Let's start with some fabulous picture books! I've seen these two on other Monday posts, and I'm so glad I took the time to snag them from my local library. I'll be using them to reinforce some of the tenants of my class code... (I guess I should write a post about that... maybe for Slice tomorrow!)
Julia's House for Lost Creatures - by Ben Hatke
This is a fabulous story about a girl who invites lost and lonely creatures in to stay. They have to learn to work together to keep things running well. I adore Hatke's art (from Zita the Spacegirl, in particular) and the story is amazing!
The Girl and the Bicycle by Mark Pett
First, this is an excellent wordless story. The illustrations have just the right amount of detail to get the plot across, and I think kids will enjoy discussing what the girl does. She wants that bicycle, and she shows stick-to-it-iveness all along the way.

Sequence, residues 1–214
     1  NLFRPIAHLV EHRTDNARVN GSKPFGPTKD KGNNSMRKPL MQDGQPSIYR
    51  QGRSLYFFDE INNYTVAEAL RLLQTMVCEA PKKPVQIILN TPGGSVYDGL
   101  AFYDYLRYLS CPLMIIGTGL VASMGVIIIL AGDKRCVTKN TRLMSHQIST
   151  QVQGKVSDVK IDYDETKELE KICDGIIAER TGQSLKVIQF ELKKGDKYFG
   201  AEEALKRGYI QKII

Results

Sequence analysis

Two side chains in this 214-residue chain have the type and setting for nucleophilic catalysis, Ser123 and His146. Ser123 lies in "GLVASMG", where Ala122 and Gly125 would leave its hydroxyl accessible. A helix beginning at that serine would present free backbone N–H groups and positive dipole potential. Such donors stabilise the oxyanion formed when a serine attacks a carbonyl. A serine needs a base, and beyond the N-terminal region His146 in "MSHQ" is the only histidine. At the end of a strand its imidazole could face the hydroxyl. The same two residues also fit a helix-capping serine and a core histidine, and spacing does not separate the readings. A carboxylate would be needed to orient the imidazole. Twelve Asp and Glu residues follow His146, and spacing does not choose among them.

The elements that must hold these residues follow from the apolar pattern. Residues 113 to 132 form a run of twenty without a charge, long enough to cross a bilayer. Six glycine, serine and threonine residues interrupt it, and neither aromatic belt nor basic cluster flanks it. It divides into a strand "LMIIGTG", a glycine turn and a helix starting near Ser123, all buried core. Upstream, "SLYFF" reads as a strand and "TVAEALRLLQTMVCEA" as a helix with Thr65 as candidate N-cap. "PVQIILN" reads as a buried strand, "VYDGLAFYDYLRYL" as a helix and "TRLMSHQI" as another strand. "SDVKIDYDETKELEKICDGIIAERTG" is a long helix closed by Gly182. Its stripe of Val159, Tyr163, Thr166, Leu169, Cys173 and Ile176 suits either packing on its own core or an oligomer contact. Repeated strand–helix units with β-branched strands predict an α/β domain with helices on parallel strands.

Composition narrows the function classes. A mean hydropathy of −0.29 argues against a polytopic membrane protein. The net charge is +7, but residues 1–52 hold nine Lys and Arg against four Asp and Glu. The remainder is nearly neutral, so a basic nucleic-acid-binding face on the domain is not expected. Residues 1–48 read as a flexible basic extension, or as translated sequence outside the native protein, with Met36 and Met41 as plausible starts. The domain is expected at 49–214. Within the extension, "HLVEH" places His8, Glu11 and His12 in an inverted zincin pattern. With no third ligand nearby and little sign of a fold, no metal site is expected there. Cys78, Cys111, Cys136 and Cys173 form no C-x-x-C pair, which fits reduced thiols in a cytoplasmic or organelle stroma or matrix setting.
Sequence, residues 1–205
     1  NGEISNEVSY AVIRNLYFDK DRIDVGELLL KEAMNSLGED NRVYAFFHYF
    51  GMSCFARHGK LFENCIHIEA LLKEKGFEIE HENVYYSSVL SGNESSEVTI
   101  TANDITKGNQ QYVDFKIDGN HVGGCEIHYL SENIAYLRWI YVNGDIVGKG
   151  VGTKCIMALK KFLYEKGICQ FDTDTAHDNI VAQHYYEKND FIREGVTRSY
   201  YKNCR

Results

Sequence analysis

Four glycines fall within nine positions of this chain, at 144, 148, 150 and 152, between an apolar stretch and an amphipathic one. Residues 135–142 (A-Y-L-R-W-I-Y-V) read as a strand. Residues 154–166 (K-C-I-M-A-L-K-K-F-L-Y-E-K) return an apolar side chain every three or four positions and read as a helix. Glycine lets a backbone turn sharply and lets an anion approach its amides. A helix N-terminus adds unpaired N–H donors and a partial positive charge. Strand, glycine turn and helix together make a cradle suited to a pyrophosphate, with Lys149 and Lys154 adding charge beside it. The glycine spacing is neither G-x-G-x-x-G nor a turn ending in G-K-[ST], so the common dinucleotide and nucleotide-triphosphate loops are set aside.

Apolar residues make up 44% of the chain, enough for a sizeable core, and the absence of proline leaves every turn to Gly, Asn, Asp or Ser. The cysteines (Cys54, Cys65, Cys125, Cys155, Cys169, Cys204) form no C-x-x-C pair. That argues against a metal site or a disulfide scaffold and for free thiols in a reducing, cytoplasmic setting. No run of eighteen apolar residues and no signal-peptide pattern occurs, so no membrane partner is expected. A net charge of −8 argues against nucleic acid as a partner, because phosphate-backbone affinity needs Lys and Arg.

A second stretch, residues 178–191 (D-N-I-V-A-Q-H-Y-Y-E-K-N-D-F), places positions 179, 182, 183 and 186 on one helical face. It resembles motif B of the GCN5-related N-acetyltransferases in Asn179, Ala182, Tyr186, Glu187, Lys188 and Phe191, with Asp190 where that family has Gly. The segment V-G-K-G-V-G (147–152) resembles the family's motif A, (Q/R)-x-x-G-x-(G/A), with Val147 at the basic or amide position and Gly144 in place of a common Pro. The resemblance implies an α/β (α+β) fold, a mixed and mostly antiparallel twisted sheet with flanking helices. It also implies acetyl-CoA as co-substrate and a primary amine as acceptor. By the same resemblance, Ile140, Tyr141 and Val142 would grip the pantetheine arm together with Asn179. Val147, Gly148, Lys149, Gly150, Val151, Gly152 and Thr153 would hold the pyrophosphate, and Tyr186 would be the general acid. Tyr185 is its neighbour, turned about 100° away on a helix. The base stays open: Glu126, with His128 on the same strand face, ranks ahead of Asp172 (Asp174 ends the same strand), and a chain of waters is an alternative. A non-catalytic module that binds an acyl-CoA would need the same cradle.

This was a trifecta of amaze-balls graphic novels! Something for every kind of reader.
Cece Bell shares her memories of growing up with hearing loss. I loved how she was able to communicate her feelings. I also appreciated the end note where she shares that each person's experience with hearing loss (or other things) is unique.
FANTASY and SCIENCE FICTION! If your students aren't already hooked on this series.... it's time to pick them up and get them in front of the kids.
Another wonderful memoir by Raina Telgemeier. All kids will eat this one up - whether they experience sibling issues or not.
Beautiful novel-in-verse describing Woodson's life as a child. A perfect pairing for civil rights units or even just units learning about families.
Saying goodbye to Origami Yoda isn't easy, but this final book in the series was absolutely wonderful. Looking forward to seeing what Tom does next!
I wasn't as excited about this installment as I have been with MANY of the other Bad Kitty stories. Still, it has a solid tale about Puppy and a good message about adopting animals.
(Comes out in January - I won it from Macmillan in a contest)